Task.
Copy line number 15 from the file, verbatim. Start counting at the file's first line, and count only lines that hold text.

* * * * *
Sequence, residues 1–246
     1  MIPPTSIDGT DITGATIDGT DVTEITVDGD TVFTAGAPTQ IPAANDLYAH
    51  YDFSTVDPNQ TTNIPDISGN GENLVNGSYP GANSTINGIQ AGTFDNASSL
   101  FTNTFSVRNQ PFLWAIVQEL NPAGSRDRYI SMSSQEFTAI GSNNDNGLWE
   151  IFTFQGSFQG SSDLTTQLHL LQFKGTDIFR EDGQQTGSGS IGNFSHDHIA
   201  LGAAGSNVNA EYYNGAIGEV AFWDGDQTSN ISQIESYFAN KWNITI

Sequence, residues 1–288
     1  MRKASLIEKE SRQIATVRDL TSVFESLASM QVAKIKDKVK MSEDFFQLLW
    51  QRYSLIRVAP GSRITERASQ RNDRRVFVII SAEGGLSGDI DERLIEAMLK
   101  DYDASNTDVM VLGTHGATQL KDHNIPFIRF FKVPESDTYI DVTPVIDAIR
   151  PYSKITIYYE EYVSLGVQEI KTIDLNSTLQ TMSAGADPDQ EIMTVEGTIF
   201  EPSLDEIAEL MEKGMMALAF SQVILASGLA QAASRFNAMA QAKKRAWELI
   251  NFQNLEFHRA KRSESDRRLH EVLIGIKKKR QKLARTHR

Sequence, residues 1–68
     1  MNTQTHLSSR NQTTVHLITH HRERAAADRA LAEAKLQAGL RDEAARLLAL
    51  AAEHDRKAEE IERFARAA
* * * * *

     1  MNTQTHLSSR NQTTVHLITH HRERAAADRA LAEAKLQAGL RDEAARLLAL